P.D: L.E.A.D. 1886 is one of the initiatives I am most proud of; this is one of our leadership initiatives within the Division of Student Engagement and Campus Life. Our Vice-President for Student Engagement and Campus Life, Dr. Derek Greenfield gave the charge to enhance student leadership campus-wide. Our goal was not to develop students to run for and hold elected offices, but to create a culture of student leadership. This was birthed by hosting a student leadership conference and launching a leadership academy. The student-focused conference was held in during the Fall 2019 semester; conference attendees had the option to apply to be part of an intensive leadership development academy that began at the end of term through Spring 2020. However, with the COVID-19 pandemic and shift to virtual programming, this group was able to also shift and provide a range of student-led virtual programs that ran from the end of the Spring term and throughout the Summer of 2020. We initially targeted freshmen students as the recruits for the L.E.A.D. 1886 Academy, but allowed a few upperclassmen to join the program. I am excited that of the two upperclassmen (juniors) we selected to participate, one became the current SGA President and the other serves as the current Miss Kentucky State University.

E.R: How is the University addressing campus safety and academic accessibility during the global pandemic?

P.D: Kentucky State University implemented a safety plan, BREDS Back on the Hill which is published on the university website www.kysu.edu. Students had the option to select their living and learning experience through the BREDS Choice. Per website: BREDS Choice is a new initiative by the University that emphasizes the personal health, safety and well-being of every member of the campus community, while providing access to higher education for those who may need a safe learning environment. Students have a vast number of options for how they choose to attend Kentucky State for the upcoming semester. Students may choose the following configurations:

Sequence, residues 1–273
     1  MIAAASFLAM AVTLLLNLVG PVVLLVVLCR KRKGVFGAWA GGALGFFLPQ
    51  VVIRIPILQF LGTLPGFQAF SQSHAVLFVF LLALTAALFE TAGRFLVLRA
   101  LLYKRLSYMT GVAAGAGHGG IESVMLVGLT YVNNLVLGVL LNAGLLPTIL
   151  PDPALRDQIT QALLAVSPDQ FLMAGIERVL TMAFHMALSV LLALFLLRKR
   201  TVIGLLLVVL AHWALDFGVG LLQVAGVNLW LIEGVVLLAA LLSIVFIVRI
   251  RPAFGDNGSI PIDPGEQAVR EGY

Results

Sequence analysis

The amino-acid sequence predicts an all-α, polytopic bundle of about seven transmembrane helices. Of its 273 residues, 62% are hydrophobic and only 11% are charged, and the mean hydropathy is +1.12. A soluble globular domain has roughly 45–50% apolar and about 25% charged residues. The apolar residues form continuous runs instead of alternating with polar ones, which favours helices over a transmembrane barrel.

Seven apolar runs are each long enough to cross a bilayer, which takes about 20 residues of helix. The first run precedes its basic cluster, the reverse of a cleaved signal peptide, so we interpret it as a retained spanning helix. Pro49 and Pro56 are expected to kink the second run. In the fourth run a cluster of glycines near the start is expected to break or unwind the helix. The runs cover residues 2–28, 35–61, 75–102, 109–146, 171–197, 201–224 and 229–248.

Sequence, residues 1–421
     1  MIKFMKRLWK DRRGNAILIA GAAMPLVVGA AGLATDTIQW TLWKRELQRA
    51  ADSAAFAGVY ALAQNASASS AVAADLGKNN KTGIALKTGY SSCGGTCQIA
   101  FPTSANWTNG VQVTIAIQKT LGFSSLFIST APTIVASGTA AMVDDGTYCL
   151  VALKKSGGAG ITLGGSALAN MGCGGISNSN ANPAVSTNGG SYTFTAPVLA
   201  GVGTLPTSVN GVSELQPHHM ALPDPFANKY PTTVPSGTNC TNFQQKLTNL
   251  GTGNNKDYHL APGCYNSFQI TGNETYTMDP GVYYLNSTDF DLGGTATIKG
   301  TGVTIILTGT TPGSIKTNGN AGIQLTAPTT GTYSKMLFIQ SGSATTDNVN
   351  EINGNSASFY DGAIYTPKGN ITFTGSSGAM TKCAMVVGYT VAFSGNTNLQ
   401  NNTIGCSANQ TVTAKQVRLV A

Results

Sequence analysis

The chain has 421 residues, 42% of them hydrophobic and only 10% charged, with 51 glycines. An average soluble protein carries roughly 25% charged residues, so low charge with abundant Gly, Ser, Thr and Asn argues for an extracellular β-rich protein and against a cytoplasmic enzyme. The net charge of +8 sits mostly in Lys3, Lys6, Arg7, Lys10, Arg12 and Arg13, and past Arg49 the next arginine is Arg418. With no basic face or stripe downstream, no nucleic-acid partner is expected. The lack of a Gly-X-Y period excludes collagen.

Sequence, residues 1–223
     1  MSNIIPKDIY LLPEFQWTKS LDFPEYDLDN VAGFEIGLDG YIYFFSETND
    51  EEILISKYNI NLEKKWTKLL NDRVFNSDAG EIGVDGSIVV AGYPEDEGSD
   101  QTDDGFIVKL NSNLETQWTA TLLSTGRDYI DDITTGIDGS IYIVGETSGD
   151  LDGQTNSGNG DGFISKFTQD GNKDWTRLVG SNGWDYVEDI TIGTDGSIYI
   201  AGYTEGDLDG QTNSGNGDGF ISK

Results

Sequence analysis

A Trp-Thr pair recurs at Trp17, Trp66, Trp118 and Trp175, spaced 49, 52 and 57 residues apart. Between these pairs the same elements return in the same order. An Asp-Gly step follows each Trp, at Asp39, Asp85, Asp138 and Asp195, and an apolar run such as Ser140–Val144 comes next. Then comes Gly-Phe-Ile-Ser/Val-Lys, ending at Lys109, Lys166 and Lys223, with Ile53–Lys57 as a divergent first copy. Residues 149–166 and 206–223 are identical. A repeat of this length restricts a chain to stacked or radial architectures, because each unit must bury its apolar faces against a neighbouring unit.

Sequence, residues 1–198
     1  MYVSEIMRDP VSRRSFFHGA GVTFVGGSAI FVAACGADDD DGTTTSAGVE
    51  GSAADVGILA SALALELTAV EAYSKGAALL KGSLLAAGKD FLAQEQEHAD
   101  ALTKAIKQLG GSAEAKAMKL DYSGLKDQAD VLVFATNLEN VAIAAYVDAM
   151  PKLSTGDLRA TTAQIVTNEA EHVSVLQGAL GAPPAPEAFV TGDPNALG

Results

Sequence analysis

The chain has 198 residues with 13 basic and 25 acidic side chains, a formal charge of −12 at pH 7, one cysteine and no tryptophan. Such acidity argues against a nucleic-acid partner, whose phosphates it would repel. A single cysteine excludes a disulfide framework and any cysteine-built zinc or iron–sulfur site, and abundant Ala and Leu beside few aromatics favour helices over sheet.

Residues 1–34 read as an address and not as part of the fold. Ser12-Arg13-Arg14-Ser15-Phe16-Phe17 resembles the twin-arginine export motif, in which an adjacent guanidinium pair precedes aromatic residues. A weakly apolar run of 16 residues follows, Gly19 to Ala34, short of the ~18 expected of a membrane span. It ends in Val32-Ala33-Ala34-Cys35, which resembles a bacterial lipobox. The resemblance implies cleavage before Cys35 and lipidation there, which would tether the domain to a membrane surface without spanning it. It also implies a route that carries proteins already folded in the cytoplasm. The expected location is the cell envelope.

· Online student living in the residence halls

· Online student living off-campus (hotel)

· Online student living at home

· Hybrid student living in the residence halls

· Hybrid student living in off-campus (hotel)

· Hybrid student living at home

To promote social distancing and safety, courses will be delivered to students in the following formats: 

· Hybrid (in-class/synchronous) instruction – Students will attend class, both face-to-face with reduced classroom size and attend class synchronously via the University learning platform – Blackboard – on alternating days. 

· Online/asynchronous instruction – students will receive instruction via the University learning platform – Blackboard – by engaging with material provided and/or recorded by faculty.